The three congressional districts that converge on Dutchess County will each award five delegates. A candidate who wins more than 15 percent of the vote can capture a proportional share of the delegates.
(In New York's Republican primary, the winner will get all of the delegates, giving an edge to Arizona Sen. John McCain, who is ahead in the polls and has the support of state GOP leaders.)
"It's about delegates, and we expect to do well across the board," said Richard Fife, a spokesman for the Obama campaign in New York. "We're going to surprise a lot of people."
Last week, the campaign launched an advertising run in the state -- the most expensive media market in the country. The cost was about $750,000, according to adage.com.
Mr. Obama has about a dozen offices here. His campaign boasts of several thousand active volunteers.
Not surprisingly, Mrs. Clinton also has many enthusiastic New York supporters, including institutional backing from traditional Democratic allies.
Nearly 40 local leaders with the Civil Service Employees Union, which has 85,000 members in the Hudson Valley, gathered on Thursday night at their regional headquarters to watch the latest Democratic debate. They handed out T-shirts and promised to call voters across the state.
"I think Hillary has a lot of knowledge from her days in the White House, and I think it's time for a woman," supporter Debbie Downey said. "I think Obama is a good candidate -- but maybe next time out. He needs more experience."
When Mrs. Clinton moved to the state more than eight years ago to pursue an open Senate seat, some New Yorkers expressed skepticism about sending the former first lady to Congress. She won handily in heavily Democratic New York City, but she trailed in most upstate counties. Six years later, Mrs. Clinton won 67 percent of the vote statewide, including more than 58 percent in Dutchess County.
"When I took office, there was a lot of work ahead of me," said Nancy Cozean, a Democrat who stepped down as Poughkeepsie's mayor last year. "She was at my side."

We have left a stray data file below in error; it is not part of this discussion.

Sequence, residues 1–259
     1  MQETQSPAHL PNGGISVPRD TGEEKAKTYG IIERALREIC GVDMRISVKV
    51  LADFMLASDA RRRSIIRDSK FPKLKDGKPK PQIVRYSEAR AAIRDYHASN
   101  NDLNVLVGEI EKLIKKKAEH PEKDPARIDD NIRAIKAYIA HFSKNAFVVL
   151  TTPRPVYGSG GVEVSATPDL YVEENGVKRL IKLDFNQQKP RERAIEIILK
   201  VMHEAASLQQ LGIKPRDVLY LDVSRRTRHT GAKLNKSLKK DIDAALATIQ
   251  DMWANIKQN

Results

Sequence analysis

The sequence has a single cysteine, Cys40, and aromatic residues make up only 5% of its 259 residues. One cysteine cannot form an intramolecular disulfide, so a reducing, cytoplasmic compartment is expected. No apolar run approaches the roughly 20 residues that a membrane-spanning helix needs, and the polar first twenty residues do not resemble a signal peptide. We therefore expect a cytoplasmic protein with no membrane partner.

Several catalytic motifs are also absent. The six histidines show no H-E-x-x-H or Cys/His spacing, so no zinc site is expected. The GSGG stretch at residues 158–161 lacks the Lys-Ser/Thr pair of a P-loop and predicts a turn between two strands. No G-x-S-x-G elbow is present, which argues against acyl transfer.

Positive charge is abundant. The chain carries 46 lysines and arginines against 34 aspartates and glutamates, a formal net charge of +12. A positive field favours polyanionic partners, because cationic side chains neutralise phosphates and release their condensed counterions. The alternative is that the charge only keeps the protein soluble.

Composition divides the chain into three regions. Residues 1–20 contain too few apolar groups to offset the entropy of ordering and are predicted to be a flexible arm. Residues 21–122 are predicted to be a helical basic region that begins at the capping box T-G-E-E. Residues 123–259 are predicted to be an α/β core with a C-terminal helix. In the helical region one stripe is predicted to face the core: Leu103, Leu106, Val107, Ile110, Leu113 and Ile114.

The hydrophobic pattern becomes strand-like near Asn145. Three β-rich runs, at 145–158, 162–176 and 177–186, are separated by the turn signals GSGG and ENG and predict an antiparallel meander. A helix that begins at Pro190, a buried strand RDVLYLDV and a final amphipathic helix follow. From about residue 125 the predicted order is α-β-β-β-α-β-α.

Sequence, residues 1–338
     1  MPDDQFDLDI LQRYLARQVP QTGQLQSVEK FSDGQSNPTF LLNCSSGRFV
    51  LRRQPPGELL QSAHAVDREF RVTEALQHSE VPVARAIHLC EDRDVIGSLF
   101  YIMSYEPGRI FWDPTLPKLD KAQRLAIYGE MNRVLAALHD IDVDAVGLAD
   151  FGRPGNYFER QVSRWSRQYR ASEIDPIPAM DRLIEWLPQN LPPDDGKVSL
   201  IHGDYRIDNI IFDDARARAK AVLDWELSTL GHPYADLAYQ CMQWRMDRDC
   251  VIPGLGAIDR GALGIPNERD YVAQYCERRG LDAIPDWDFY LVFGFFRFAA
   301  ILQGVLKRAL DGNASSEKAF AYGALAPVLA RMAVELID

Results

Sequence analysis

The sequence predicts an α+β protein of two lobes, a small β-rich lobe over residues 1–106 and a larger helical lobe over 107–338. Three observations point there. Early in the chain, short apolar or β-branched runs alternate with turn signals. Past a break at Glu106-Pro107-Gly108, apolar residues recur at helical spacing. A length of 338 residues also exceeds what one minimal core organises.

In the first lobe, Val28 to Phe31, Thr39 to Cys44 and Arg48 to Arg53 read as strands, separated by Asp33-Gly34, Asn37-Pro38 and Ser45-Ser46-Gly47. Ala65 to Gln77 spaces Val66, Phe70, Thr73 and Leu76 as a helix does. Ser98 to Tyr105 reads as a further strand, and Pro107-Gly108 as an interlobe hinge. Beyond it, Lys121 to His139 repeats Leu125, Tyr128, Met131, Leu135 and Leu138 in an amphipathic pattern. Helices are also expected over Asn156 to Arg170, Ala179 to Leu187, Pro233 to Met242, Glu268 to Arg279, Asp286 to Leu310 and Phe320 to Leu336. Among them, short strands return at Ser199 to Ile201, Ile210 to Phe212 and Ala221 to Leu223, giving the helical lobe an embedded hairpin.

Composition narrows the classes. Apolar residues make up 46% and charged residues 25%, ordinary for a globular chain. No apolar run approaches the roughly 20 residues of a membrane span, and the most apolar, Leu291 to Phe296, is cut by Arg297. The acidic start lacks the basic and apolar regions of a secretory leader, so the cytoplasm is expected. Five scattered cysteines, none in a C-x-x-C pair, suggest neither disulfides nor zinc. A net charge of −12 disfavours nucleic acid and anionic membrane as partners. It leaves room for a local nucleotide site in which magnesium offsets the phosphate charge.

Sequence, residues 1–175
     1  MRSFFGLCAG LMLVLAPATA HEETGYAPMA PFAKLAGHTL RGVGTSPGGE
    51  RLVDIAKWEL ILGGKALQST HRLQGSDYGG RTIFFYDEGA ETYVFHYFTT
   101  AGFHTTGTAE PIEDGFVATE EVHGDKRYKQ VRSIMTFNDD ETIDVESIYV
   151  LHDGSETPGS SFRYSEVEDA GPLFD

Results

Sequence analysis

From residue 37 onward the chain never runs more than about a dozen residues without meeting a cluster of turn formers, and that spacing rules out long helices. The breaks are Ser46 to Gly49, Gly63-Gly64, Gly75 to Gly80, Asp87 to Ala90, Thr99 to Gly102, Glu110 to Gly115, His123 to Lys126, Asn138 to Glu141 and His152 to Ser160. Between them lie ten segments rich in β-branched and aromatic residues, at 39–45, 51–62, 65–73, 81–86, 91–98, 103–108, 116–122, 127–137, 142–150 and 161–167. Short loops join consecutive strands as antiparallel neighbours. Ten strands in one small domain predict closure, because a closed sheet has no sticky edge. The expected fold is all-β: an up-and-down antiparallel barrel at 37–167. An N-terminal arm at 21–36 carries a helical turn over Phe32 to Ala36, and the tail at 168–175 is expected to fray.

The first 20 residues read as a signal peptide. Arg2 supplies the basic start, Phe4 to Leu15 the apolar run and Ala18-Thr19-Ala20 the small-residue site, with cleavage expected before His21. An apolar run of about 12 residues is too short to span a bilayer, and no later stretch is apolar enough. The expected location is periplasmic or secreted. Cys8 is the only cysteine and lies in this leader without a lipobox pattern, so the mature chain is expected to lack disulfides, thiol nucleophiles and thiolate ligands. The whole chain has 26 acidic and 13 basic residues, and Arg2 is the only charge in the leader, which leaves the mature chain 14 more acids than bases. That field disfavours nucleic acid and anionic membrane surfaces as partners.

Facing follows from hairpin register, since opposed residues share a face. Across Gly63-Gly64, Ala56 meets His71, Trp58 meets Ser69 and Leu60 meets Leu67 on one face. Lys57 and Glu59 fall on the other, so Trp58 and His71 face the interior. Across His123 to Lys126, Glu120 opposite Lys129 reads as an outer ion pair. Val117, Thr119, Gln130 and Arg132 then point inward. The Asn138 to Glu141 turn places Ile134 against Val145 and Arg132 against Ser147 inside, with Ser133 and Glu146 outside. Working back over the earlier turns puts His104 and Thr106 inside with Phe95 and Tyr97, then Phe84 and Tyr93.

The freshman senator helped find federal funds for several projects in the city, such as a transportation hub and waterfront redevelopment.
Mrs. Clinton also received high marks for securing billions of dollars in aid to help the state recover from the Sept. 11, 2001 terrorist attacks.
A statewide poll released by the Marist College Institute for Public Opinion on Jan. 21 showed Mrs. Clinton leading Mr. Obama, 48 to 32 percent. That gap narrows in New York City.
Her record on some issues, especially Iraq, troubles more liberal Democrats and could provide an opening for Mr. Obama in his quest for delegates.
"Do I wish she had voted against the war? Yes," said U.S. Rep. John Hall, who defeated a Republican incumbent in 2006, partly by stressing his anti-war stance. (He's also the former singer for the band Orleans, which had the hit song "Still the One.")
He's still backing Mrs. Clinton, who, he acknowledges, helped raise money for his 2006 run and brought out crowds along the campaign trail. (All 23 Democratic House members from the state have endorsed Mrs. Clinton.)
"We have a particularly strong field," Mr. Hall said. "Sen. Clinton is clearly the most qualified."
At the local level, a handful of elected officials are lining up behind Mr. Obama. A third of the Democrats on the Dutchess County Legislature have voiced support, including the body's chairman.
They joined about 100 people in Downtown Poughkeepsie on Thursday night to wave signs at passing motorists.
"I like Hillary. But I love Obama," said Joel Tyner, a county legislator. "He was speaking out against the war when it wasn't a popular thing to do."
First Published February 3, 2008 12:00 am